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With the Coronavirus Reaching Pandemic Proportions, Teachers Across the U.S. Are Frantically Converting to Online Courses

Adrienne Patton

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Photo of Charles Severance by Andy Smith used with permission

WASHINGTON, March 12, 2020 – Although countless universities and school districts are shutting their doors to students and turning to online schooling during the outbreak of the coronavirus, education experts say the move to online classes is a reactionary, not a robust adoption of online resources.

Boston University Professor Jay Halfond, who has experience developing online learning programs for distance learning, said “this is not really online learning; this is simply using technology.”

As teachers frantically transition to Zoom and other online teaching platforms to cope with COVID-19, they are skirting the laborious process of building an online learning course – in an rushed effort, of course, to maintain public health.

For example, Halfond said it will be a challenge to teach his course on conflict resolution and negotiation. The course depends upon group discussion and exercises. Some courses are adaptable to an online format, but others are not easily accommodated, he said.

Conor Hilton, a Ph.D. student studying English at the University of Iowa, is not against online courses, but does anticipate drawbacks to the hasty conversion from an in-class arrangement.

“The biggest drawback will be that since my courses are all heavily discussion-based, we’ll lose the ease and fluidity of in-person discussion,” said Hilton.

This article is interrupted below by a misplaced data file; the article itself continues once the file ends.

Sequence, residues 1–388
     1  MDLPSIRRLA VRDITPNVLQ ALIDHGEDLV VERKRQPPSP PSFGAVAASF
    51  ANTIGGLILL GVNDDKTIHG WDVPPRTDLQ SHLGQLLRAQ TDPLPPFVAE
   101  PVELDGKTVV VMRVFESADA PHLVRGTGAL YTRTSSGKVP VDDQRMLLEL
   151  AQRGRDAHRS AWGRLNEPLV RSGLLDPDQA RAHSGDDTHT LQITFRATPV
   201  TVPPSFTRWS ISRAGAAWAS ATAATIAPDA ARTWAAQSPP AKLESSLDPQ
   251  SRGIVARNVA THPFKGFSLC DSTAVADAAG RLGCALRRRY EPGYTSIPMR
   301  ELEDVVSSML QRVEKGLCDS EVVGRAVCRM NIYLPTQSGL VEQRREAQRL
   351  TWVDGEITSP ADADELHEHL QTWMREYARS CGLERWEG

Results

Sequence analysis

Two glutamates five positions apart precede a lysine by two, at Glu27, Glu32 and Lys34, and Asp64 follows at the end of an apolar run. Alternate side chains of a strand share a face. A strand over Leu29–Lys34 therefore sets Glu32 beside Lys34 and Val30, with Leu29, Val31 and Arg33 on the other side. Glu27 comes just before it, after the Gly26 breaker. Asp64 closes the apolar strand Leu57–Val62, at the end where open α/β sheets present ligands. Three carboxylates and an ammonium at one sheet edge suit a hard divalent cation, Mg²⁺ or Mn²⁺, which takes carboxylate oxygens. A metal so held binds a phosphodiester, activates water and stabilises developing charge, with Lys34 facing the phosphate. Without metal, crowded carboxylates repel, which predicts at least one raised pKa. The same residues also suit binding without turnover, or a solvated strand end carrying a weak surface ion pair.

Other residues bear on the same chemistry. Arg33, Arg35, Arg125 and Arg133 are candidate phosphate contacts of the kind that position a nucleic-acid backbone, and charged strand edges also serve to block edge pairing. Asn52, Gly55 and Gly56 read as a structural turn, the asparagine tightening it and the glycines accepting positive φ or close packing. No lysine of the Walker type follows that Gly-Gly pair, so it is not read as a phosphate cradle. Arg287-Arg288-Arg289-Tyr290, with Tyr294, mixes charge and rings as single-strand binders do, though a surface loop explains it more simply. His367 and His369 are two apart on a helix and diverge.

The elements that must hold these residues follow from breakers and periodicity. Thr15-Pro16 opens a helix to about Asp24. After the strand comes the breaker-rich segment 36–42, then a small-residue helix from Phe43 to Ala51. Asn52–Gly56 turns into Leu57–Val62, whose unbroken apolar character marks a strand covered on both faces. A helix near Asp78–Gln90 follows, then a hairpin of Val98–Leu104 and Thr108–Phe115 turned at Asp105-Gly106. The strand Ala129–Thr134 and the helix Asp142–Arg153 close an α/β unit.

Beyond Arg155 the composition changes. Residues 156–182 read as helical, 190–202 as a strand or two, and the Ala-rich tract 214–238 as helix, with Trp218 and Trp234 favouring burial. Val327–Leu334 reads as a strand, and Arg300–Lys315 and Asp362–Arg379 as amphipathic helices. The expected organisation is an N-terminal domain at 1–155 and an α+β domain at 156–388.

“Embedded in the drawback is the fact that the courses weren’t designed this way, and are being converted on the fly.” But Hilton also recognizes that is by no fault of the professors.

“We can recreate some of the discussion with digital video and textual elements, but there will be a loss without our in-person conversations,” said Hilton.

But the online format might force some courses to simplify, “which should result in thematic clarity, and potentially increase flexibility for us to work on our own interests,” added Hilton.

“A really engaging experience online takes a lot of work,” said University of Michigan Professor Charles Severance, who researches educational technology and has extensive experience in online course teaching and development.

Broadband Breakfast Live Online will feature Charles Severance in a discussion on Friday, March 13, at 12 Noon ET: "Broadband, Education and the Coronavirus."

To truly create a beneficial online experience for students requires “far more effort than we are investing right now,” said Severance.

He said the University of Michigan is actively assisting teachers in preparations for online courses. Severance said he is helping his colleagues throughout the transition and the university is holding meetings and actively engaging with professors who need additional support.

As college students are encouraged across the nation to return home while classes are conducted remotely, Halfond, of Boston University, worries that international students are becoming a forgotten demographic.

“They are here to have an American experience, and all of a sudden they’re part of a pandemic,” said Halfond. But at some universities, many students who cannot return home will still be able to stay in university housing.

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